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The Freshman Jahana Hayes

Jahana Hayes, the former national teacher of the year, who - in 2018 - became the first black woman elected to congress from Connecticut, is feeling her way around Capitol Hill and her new job.

She is part of what has been described as the most diverse class of freshmen ever elected to the U.S. House and Senate and she is one of 36 women who took office in Washington, D.C. following last year's elections.

There is something else about this class of freshmen. Whether true or not, the news media has portrayed them - as a group - as impatient and unwilling to wait their turn. Traditionally, Congress is a place where members put in their time over the course of several terms, build seniority, get better and better committee assignments and eventually - sometimes after years - amass power.

Hayes at the opening of her district headquarters in Waterbury, Connecticut in January.

But in a sign of the political moment we occupy, Hayes and other newcomers seem unwilling to play by those rules. As a reflection of the voters who sent them to Washington, they see a system that has not been working for the American people and they want to change things now. Right away. They are quick to criticize politics as usual among both Democrats and Republicans and they are willing to challenge leadership. As they see it, they have been given a job by their constituents and like their constituents - they expect to report to work every day and do their job.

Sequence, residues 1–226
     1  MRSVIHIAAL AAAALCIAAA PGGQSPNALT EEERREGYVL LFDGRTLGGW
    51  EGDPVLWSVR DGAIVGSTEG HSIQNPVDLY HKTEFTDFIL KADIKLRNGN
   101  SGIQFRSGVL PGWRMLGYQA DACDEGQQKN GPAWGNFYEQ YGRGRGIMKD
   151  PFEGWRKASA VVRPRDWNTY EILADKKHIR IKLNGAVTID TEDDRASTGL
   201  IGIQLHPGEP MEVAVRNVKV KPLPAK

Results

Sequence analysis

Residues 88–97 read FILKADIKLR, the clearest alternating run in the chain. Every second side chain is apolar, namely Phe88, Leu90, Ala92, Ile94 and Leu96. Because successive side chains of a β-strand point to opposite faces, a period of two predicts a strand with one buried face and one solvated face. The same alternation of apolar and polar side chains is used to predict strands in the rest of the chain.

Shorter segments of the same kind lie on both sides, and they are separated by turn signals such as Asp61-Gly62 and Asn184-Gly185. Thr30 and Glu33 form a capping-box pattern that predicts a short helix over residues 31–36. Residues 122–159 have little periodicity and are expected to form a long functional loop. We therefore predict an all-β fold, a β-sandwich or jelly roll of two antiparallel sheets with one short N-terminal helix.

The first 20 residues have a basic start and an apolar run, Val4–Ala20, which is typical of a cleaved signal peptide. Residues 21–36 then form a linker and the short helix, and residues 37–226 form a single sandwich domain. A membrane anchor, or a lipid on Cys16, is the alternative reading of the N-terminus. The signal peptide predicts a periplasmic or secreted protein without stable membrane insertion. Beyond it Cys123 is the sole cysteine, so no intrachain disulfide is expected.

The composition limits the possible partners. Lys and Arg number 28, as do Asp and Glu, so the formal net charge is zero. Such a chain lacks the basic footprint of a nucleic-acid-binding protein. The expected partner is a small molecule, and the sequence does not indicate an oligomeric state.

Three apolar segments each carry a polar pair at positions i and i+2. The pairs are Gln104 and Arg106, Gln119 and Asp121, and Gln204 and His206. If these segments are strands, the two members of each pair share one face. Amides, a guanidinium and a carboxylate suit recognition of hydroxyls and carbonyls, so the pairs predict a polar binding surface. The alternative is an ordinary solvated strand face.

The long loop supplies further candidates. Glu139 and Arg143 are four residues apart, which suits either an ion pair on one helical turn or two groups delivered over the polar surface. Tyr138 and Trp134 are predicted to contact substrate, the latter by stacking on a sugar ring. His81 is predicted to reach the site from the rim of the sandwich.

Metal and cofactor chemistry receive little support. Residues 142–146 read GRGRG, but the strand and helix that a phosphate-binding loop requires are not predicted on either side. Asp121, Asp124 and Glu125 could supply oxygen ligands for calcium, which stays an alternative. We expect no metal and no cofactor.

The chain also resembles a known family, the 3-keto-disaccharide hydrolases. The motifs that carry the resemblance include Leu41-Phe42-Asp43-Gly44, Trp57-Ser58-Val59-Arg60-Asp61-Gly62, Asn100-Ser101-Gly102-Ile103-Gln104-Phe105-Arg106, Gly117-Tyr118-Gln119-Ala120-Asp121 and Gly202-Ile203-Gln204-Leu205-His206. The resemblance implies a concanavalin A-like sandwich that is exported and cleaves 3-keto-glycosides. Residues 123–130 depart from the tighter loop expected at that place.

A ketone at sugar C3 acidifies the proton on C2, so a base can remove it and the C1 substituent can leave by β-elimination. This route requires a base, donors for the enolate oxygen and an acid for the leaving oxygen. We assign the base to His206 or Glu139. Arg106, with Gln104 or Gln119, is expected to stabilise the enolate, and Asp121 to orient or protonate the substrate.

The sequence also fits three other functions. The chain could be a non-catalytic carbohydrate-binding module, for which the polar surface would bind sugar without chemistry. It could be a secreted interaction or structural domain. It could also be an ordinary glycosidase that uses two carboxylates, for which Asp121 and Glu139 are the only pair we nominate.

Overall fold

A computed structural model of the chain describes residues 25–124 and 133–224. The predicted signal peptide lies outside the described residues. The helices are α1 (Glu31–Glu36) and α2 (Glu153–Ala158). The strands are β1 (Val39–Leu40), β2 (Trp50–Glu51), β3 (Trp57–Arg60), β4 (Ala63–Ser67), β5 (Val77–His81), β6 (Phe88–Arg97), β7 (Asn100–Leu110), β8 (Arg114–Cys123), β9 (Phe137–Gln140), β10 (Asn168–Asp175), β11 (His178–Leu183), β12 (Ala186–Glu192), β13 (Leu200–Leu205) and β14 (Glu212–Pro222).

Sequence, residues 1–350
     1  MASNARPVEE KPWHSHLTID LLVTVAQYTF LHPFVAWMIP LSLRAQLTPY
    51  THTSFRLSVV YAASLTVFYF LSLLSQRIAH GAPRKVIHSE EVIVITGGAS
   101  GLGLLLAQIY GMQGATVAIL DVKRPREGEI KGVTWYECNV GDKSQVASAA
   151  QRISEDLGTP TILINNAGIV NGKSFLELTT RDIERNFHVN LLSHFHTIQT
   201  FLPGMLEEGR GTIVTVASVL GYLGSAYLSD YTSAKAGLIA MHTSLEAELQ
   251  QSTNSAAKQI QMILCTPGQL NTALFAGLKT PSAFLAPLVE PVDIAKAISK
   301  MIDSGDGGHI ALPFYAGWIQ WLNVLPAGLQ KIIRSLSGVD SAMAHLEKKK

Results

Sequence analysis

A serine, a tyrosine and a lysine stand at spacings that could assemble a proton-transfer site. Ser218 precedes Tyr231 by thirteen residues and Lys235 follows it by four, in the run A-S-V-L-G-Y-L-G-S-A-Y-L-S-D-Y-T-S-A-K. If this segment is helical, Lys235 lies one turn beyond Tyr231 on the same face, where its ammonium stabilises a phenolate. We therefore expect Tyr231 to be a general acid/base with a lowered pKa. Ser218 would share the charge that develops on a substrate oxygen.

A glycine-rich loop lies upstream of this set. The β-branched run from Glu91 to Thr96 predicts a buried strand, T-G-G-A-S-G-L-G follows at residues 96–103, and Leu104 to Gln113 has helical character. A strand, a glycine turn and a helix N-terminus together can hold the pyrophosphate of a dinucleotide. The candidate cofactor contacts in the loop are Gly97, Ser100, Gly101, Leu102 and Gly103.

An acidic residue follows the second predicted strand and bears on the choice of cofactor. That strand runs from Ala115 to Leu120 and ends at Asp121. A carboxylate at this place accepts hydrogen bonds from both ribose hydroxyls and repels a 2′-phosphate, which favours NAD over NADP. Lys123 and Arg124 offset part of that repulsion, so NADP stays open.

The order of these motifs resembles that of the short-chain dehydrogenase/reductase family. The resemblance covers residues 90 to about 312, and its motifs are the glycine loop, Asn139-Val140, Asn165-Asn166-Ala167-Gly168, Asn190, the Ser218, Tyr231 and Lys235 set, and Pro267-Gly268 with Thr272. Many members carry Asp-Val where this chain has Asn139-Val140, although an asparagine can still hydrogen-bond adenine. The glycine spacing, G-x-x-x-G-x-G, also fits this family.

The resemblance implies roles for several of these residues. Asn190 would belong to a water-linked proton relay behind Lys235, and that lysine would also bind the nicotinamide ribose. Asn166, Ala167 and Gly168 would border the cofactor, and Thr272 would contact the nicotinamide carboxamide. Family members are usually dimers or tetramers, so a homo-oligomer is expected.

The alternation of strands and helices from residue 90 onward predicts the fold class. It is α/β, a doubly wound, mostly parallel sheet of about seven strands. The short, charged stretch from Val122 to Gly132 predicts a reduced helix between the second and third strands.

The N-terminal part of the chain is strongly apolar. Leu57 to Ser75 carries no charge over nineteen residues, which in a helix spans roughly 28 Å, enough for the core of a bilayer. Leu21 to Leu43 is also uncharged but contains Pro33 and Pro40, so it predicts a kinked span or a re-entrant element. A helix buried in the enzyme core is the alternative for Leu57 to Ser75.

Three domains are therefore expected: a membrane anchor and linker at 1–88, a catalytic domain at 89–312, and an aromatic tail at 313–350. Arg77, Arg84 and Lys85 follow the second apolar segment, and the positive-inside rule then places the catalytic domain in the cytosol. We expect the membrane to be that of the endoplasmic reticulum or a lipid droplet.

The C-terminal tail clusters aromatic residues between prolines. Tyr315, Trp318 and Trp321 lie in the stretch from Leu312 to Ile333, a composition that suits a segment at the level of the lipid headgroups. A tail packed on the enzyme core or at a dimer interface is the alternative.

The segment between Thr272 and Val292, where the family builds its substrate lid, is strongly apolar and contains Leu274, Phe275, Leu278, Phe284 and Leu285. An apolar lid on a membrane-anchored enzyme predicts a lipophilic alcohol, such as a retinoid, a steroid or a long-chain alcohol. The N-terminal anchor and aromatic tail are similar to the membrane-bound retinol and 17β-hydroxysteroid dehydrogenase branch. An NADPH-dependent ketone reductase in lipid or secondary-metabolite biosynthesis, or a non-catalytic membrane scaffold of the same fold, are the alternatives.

During a town hall meeting in March, Hayes told a crowd in Danbury, Connecticut, she has only been guaranteed a job for two years, she does not have time to wait.

At that same town hall, the newly elected congresswoman read through a list of accomplishments of her first 100 days in office. It took her more than a half hour.

At times she sounded as if she was testifying at her annual employee review or telling her parents about her time at summer camp. She apologized for national media attention she has received and like more senior politicians said news coverage about her has been misleading.

She presents herself as earnest, and criticized veteran lawmakers who she feels do not serve their constituents well by becoming too familiar with the ways of Washington, and by being too loyal to their political party.

Hayes and her fellow freshmen have - knowingly or not - set up a test of wills. The will of a class sent to Washington to get the job done vs. a system meant to get the job done at a casual pace. It is tradition for freshman lawmakers to keep a low profile and stay quiet during their first term. It is also tradition for more senior members to ignore the flourishes of freshmen when they stray.

To win, the class of 2018 has to break tradition and force leadership to answer to their demands. To win, leadership simply has to wait until the freshmen gain seniority.

Hayes speaking to a town hall meeting in Danbury, Connecticut in March.

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